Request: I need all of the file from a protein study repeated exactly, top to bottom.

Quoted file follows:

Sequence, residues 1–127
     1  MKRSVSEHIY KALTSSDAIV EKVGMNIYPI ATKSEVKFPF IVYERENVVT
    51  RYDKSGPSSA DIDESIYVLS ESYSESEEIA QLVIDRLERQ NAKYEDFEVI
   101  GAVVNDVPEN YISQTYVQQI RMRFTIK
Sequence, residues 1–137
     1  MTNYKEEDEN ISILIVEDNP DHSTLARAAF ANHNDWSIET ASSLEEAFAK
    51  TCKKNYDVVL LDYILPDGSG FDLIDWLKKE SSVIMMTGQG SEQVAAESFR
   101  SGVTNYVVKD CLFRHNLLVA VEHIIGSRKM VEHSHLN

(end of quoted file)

Sequence, residues 1–127
     1  MKRSVSEHIY KALTSSDAIV EKVGMNIYPI ATKSEVKFPF IVYERENVVT
    51  RYDKSGPSSA DIDESIYVLS ESYSESEEIA QLVIDRLERQ NAKYEDFEVI
   101  GAVVNDVPEN YISQTYVQQI RMRFTIK
Sequence, residues 1–137
     1  MTNYKEEDEN ISILIVEDNP DHSTLARAAF ANHNDWSIET ASSLEEAFAK
    51  TCKKNYDVVL LDYILPDGSG FDLIDWLKKE SSVIMMTGQG SEQVAAESFR
   101  SGVTNYVVKD CLFRHNLLVA VEHIIGSRKM VEHSHLN